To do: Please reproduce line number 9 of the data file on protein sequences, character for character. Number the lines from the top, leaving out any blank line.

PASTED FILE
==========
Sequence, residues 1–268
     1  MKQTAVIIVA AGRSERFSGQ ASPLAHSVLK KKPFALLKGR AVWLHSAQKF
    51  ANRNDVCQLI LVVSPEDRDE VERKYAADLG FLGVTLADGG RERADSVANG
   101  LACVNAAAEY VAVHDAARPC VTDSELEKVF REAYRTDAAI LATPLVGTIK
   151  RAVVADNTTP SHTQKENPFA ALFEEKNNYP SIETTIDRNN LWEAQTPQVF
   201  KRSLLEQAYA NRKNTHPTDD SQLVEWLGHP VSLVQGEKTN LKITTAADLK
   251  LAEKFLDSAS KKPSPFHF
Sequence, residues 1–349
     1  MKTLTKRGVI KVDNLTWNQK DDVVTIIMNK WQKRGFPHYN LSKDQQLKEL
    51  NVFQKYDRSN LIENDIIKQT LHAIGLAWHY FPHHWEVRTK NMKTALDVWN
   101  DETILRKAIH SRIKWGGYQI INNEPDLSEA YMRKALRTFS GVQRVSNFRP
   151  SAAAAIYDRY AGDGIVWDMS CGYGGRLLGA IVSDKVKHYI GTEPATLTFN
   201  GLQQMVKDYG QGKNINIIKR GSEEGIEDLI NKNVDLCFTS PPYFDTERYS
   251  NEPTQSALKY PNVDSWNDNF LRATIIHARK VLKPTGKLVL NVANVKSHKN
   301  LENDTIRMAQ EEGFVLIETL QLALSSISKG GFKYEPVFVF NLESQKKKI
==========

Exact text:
     1  MKTLTKRGVI KVDNLTWNQK DDVVTIIMNK WQKRGFPHYN LSKDQQLKEL